Strange, Peculiar, Fantastic Triple Bill

A trio of 2016 films, recently released to rent. Did they live up to their names?


Doctor Strange (Scott Derrickson, 2016) is the latest new addition to the Marvel Cinematic Universe and it's a solid rather than brilliant entry to the series. Here we get his origin story as we see arrogant neuro-surgeon Stephen Strange (Benedict Cumberbatch) forced to search out more spiritual elements in the world when a car crash ruins his career. The result is heavy on the special-effects (winning a visual effects Oscar in the process), but somewhat light on charm as our hero takes on various bad guys in a battle for control of something-something in the astral something. Perfectly watchable guff, but not likely to challenge the big boys in the MCU. If it were a doctor, it would be a small-town GP, rather than any sort of high-flying consultant.


Miss Peregrine's Home for Peculiar Children (Tim Burton, 2016) is a so-so adaptation of Ransom Rigg's best-selling novel, which based it's fantasy story around some odd real-life photographs Riggs had collected over the years. It was a diverting enough premise, but the film struggles to make it work on screen, resulting in a mutant X-Child time-travel story which limps along sporadically to lacklustre effect. None of the peculiar children are particularly memorable, the plot is muddled and Samuel L. Jackson on villain duties can't decide whether he's supposed to be scary or funny, ending up being neither. It's a disappointing effort from Burton, who would have seemed tailor-made for tackling such an 'outsider' film, base don his previous work.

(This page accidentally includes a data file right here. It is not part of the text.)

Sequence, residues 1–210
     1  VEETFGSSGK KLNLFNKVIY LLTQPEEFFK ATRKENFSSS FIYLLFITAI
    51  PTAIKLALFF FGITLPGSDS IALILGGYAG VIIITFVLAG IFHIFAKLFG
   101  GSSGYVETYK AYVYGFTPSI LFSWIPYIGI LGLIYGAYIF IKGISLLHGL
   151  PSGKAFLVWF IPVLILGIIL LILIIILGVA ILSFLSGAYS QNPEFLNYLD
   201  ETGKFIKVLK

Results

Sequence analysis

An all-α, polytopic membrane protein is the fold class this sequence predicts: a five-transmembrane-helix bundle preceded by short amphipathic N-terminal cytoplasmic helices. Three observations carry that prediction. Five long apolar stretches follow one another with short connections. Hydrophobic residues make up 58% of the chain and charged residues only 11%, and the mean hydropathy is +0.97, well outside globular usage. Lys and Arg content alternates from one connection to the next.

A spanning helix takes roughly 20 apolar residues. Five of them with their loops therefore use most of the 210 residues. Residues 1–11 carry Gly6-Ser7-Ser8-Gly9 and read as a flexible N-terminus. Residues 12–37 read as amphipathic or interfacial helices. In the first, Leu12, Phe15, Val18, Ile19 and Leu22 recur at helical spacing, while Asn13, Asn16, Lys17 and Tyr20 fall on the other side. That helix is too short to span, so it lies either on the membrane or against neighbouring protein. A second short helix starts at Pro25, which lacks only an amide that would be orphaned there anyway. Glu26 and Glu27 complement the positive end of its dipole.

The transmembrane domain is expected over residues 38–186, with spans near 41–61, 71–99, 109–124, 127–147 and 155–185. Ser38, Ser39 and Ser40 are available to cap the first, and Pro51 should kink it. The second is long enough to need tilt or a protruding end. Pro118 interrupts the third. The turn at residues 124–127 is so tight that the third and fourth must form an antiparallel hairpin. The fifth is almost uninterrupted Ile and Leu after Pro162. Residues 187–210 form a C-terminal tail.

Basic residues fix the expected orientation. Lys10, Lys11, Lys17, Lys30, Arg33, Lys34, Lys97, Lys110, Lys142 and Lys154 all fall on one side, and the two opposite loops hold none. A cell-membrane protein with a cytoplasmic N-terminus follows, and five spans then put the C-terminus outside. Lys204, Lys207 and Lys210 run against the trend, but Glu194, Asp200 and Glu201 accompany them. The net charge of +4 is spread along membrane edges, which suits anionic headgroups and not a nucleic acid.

Having finally run out of milk, the Harry Potter cash cow has now been forced to calve, resulting in Fantastic Beasts and Where to Find Them (David Yates, 2016). And much like a new calf, this new franchise bounds about enthusiastically and aimlessly, but tries not to stray too far from its mother. Eddie Redmayne is the (super)naturalist magician Newt Scamander, whose hunt for strange creatures leads him to New York in 1926. There he stumbles upon some secret wizardy goings-on involving various dangerous things which could mean the end for the no-Maj world as we know it. Or something. A bit overlong and muddled, but maybe I'm just not enough of a Potter-head to get it. Perhaps like its mother franchise before it, it will be less wobbly on its feet as it grows and will produce better quality milk.

 

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